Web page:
Connections, a new memory support dining initiative developed by Cura Hospitality, combines a specialized menu with several ways to create a better meal—and quality of life—for those living with memory loss. This includes ‘memory cards’ to spark conversation, creative (and more manageable) finger foods, food-based aromatherapy and innovative ways with purees.
Earlier this year, a task force of Cura managers, chefs and dieticians teamed up with the Alzheimer’s Resource Center in Connecticut to develop the program. The task force set its sites on learning “everything we could about Alzheimer’s Disease (the most common form of dementia),” says Deb Santoro, RD, LDN, SPHR, director of staff development for Cura Hospitality.
“We have a client group with the desire to address the needs of a huge generation with quite a few individuals in need of memory support,” Santoro says. “From a food provider standpoint, we looked at what we need to do differently in terms of customer service for a population with memory loss.”
“This is an all-encompassing program with training programs at each site to quick-start this strategy. We want them to become Alzheimer’s experts,” Santoro says. “It’s a culture change. In the past, staff would stay in the kitchen and prepare 100 meals. Now, we are seeking to create more of a home-like environment.”
That means slowing things down, at times, she adds.
“We live in a world where we are always looking for efficiencies, but this is one case where the most efficient service model is not always optimal,” Santoro says. For example, the initiative specifies a "90 second rule,” in which a resident is given 90 seconds to answer a question like “Would you like fish or chicken?”
Cards Spark Memories
The task force learned about emotional memory, short- and long-term memory, says Josh Crandall, director of partnership development for Cura Hospitality.
“We asked, 'What can we do around meal time that can tap into emotional memory?' If we can tap into emotions," he continues, people will remember a positive experience, if not exactly what they did.
The memory cards (see photo) used in Connections have old black and white photos of things like holidays or vacations on one side, and conversation-starting questions on the other. There are about 30 cards in all, and they are to be used by staff interacting with residents.
“The cards create an environment where conversation can occur,” Crandall says. “Meaningful conversations at mealtime can carry a resident through the rest of the day.”
During the testing phase, where a few select communities tried the cards, they’ve made a difference, Santoro says.
“At first, the nursing staff said, ‘Oh we already do that. We have conversations with the residents.’ But after trying the cards, they said, ‘These cards are really great. They allow us to really have more meaningful conversations with the residents.’”
More Finger Foods Allow for More Independence, Better Nutrition
As another part of the initiative, Cura chefs have been tasked with converting favorite entrees and snack items and turn them into finger foods with dips. A chef challenge is underway to encourage chefs to be creative in the initiative.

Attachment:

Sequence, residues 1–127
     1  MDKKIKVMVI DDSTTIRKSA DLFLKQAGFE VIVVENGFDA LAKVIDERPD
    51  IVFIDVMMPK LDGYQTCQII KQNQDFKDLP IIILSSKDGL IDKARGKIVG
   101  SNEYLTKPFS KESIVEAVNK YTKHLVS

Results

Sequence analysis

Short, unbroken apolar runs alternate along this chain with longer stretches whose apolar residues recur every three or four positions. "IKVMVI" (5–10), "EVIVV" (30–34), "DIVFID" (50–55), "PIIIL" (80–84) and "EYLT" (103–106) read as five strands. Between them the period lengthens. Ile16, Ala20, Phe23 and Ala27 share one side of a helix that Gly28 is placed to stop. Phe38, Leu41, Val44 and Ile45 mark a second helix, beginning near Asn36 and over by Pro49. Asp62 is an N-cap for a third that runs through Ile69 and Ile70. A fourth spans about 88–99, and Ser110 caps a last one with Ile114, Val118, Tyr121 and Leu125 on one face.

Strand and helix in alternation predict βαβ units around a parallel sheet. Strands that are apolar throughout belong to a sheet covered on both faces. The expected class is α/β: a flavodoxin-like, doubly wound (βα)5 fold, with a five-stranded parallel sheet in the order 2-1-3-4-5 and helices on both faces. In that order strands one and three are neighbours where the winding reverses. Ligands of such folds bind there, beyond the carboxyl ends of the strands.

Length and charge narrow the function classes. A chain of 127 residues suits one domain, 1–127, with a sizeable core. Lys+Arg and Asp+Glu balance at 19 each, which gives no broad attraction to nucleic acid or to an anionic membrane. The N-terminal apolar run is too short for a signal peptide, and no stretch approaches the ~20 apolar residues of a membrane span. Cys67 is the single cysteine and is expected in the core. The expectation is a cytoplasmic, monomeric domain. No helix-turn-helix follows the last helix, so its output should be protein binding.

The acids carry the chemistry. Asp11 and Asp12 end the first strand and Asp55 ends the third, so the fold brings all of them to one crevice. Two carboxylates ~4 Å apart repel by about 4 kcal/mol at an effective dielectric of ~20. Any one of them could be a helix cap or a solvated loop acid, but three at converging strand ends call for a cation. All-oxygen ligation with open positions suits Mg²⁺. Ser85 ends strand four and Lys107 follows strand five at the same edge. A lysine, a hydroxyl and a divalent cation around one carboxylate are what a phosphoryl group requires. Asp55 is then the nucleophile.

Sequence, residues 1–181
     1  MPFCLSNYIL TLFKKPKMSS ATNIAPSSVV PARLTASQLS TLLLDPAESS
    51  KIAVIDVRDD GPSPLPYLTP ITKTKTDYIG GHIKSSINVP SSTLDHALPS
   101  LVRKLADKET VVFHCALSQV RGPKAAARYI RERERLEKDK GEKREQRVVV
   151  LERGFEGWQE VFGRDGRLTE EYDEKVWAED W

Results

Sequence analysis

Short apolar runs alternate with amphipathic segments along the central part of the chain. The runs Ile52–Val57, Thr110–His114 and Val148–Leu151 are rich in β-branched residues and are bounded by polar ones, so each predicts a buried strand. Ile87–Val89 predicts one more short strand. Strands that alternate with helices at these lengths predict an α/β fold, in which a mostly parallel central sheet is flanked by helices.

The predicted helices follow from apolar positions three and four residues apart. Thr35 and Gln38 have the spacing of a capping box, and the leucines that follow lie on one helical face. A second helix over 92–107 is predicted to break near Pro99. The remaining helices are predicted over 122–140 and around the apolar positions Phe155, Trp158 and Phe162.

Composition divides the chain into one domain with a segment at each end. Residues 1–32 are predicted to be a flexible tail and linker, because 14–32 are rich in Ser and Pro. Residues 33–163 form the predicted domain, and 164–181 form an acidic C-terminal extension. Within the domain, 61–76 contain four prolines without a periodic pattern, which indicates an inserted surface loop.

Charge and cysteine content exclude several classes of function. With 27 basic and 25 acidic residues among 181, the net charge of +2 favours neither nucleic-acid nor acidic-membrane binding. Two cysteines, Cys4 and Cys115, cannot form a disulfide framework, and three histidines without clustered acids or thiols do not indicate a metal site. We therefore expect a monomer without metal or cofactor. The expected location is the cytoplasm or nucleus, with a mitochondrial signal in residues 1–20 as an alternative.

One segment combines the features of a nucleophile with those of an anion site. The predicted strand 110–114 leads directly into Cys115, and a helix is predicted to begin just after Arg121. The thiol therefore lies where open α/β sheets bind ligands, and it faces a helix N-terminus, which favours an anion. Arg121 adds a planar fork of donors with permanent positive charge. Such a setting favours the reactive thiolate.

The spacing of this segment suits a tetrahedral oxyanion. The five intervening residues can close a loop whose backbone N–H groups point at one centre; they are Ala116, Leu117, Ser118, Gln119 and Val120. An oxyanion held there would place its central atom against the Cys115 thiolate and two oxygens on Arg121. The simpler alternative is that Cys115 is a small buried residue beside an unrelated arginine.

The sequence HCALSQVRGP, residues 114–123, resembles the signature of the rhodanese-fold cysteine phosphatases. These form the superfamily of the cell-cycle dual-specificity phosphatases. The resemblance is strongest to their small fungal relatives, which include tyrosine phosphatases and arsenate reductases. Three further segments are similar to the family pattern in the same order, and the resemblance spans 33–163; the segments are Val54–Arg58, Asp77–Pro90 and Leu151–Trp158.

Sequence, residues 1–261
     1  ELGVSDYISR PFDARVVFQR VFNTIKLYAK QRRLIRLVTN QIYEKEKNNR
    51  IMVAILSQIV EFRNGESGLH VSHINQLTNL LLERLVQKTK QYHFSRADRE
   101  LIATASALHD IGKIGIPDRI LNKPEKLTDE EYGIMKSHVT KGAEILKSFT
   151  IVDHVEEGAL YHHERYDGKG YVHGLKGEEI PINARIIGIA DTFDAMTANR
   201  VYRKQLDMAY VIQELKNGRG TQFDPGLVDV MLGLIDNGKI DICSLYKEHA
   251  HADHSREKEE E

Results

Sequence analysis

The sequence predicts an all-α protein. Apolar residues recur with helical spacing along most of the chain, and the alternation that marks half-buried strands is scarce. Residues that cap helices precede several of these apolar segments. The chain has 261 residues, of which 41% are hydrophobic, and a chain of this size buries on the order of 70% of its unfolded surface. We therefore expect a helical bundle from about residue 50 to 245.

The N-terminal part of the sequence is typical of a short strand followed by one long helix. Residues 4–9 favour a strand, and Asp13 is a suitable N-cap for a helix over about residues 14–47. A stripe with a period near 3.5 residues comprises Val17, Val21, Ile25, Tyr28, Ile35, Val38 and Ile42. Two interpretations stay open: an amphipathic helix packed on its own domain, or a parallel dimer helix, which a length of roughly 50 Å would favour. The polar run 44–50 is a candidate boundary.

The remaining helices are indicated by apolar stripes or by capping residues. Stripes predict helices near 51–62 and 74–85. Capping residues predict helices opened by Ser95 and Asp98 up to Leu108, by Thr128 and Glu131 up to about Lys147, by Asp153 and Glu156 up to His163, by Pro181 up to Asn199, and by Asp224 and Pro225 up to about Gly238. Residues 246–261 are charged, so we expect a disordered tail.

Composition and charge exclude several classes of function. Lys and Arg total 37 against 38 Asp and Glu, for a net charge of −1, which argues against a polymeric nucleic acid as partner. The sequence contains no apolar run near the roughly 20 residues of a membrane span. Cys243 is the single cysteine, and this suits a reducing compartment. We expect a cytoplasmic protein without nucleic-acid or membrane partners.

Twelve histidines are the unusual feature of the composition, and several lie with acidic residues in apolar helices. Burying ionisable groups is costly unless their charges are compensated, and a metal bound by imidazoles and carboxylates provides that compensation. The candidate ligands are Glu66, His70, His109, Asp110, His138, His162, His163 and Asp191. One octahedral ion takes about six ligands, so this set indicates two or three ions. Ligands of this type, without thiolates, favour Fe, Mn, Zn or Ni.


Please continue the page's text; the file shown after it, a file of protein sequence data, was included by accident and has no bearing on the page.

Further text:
The results include more finger food with dipping sauces, like chicken skewers, fruit wedges, and the use of more components like tortilla wraps, puff pastry or even wonton wrappers, Crandall says.
“We also learned that it’s common for residents to get up and walk away during mealtimes,” he adds. “It’s hard for them to focus on a single task, and that’s a risk nutritionally, so foods that are portable will help them get the calories and fluids they need.”
Because finger foods allow residents to feed themselves despite advancing dementia, it's a technique that preserves a sense of dignity, another goal of the initiative.
When the Time Comes for Purees
Santoro calls more appealing purees “a crucial piece” of the Connections initiative.
“For some residents, as the disease takes its effect, puree diets become necessary,” she says. “We’ve achieved ways to deliver pureed food so it resembles the actual items. People become distracted, so the more it looks like food, the more likely they are to eat it.”
This illusion is achieved with molds and piping techniques. A fresh melon cup consists of melons pureed separately, then basically reassembled with thickener added, looking a lot like the original.
The aromas from food can stimulate appetites and make for an overall cozier environment, another piece of the initiative.
In many accounts, a country kitchen setup is possible, allowing good cooking aromas to waft throughout the facility, Santoro says.
But if a facility is not set up for country kitchens, there are tools specifically intended to create an aroma, as simple as a crock pot with herbs in it, Crandall says.
The task force found that flexibility is a key characteristic for any initiative helping residents with dementia.
“In memory work, you must be flexible,” Santoro says. “If you’ve seen one patient with Alzheimer’s, you’ve really only seen one patient with Alzheimer’s. There’s no one right or wrong way of doing things. You have to be able to customize.”